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What do we mean by “sparkling” beer?

Allagash Cascara saison

When someone refers to a drink as “sparkling” most often they’re referencing its carbonation. You know, that zippy, zingy, fizzy quality. We describe our Little Grove series of beers as “Sparkling Session Ales” for just that same reason: their carbonation is a key component of their flavor profile.

Without bubbles, the mouthfeel of beer thickens, the aroma is muted, and the overall drink tastes somehow lifeless. Carbonation works to “lighten” the beer’s mouthfeel while making sure its aroma is flying up and into your face, enhancing the overall flavor experience. So how do you get that sparkle into your beer? Let us count the ways.


Yeast loves sugar. This is why brewers boil grain: to extract the sugar from it, to feed the yeast. When yeast eats sugar, it creates a couple things: ethanol (alcohol), flavor in the form of esters and phenols, as well as carbon dioxide. But in the vast majority of beer styles, primary fermentation won’t give you the full amount of carbonation you expect out of your beer, which is why we have the next two processes.

Allagash Barrel & Bean


Bottle-conditioning beer is an age-old Belgian technique. How it works: we add a small amount of sugar and yeast to the beer right before packaging. That small addition helps the beer referment inside the package creating the last bit of carbonation, preserving the beer’s quality, and enhancing its flavor.

The actual, real-world process of conditioning is, to say the least, involved. We have to make sure our brewing and packaging is flawless, and flawlessly clean, to achieve the proper conditioning every time. The reality is that we’re adding sugar and then fermenting at warm temperatures—a scenario that unwanted bacteria dream of. On top of that, the amount of sugar and yeast we add depends on the residual sugar that’s left in the beer after primary fermentation—a technical way of saying, if we were to add too much sugar, the beer could overcarbonate, making for a highly pressurized and very unsafe bottle (or can) of beer. Quality control and microbiology play a big role in getting it right.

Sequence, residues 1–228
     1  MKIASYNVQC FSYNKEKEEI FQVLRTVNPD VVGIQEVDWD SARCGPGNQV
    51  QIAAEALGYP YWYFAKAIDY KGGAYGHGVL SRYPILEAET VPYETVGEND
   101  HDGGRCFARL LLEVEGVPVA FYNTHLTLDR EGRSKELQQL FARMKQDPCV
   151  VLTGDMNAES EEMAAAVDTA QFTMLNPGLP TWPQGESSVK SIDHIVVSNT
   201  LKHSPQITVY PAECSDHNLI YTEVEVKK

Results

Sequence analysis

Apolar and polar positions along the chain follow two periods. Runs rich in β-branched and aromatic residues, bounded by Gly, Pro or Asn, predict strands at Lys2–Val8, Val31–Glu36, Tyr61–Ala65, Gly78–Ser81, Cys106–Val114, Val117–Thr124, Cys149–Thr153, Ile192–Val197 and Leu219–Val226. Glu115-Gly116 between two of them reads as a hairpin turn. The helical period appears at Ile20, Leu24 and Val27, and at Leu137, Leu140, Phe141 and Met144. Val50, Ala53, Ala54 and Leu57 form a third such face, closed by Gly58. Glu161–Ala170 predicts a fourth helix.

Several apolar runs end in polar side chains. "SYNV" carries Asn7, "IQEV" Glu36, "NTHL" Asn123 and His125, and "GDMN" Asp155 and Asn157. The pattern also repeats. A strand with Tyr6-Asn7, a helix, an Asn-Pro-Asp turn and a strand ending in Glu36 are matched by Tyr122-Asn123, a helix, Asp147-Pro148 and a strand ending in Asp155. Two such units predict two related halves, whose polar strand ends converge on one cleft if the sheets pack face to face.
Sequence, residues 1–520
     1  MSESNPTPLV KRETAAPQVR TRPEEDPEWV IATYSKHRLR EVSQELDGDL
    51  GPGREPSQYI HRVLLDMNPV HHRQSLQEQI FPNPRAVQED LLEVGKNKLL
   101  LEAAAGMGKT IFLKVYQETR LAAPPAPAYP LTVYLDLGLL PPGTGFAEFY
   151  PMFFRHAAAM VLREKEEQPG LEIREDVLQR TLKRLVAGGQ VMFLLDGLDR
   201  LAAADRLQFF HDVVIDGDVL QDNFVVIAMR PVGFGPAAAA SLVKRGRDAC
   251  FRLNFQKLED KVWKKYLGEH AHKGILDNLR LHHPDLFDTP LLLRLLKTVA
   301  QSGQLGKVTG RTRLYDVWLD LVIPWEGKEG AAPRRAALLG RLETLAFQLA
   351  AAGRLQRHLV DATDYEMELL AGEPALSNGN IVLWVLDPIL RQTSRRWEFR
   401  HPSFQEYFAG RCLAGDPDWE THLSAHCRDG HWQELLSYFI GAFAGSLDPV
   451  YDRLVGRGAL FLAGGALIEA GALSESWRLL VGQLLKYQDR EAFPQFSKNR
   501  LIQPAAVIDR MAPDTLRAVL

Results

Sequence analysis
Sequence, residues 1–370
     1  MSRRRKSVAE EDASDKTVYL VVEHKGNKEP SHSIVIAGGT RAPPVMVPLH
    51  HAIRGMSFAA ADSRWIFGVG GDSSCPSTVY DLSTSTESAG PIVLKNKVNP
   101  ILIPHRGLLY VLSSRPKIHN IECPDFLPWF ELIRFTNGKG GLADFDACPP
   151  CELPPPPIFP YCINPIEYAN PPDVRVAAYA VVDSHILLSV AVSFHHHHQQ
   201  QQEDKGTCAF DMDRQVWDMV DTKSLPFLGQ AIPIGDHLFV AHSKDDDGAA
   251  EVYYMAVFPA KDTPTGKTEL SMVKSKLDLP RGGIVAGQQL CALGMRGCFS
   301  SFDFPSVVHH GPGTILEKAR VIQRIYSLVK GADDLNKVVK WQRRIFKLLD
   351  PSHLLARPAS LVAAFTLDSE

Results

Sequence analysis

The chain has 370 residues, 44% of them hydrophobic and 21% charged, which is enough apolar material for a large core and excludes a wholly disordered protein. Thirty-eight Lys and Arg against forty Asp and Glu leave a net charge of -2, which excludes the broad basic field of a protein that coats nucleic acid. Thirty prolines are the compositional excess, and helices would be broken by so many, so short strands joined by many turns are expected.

So why go to all that effort? Bottle or can conditioning can improve the shelf stability of the beer. Fermentation requires a tiny bit of oxygen. And there’s always a tiny amount of oxygen left in the bottle after packaging—we’re talking just a couple parts per billion. Therefore, the fermentation in the bottle acts to absorb that oxygen, making the beer taste fresher, longer.


Inside the brewery, adding an extra bit of CO2 to bring the beer up to its optimal carbonation is called “force carbing” (or more formally, “force carbonation”). This method works by inserting a rod or porous stone into a pressurized vessel and literally forcing carbon dioxide into the liquid. When force carbonating, we use in-line carbonation where the extra carbonation is added while the beer goes from a holding tank and into the can or bottle during packaging. While this doesn’t add any extra flavor, or scrub oxygen from the beer like conditioning in the package, it does serve as a quick, effective, and much simpler way to bring your beer up to the desired level of carbonation.


Our Little Grove beers are carbonated slightly higher than the average Allagash beer, at around 2.8 volumes. What does that mean? Think, a nice amount of tingly carbonation. By comparison, champagne—a drink known for its intense bubbles—comes in at around 6.3 volumes. Thus, why champagne bottles are so dang thick: they have to hold in a lot of pressure. 

We hope this gives you extra appreciation of the thought that goes into every aspect of the beer sitting—or soon to be arriving—in your fridge.

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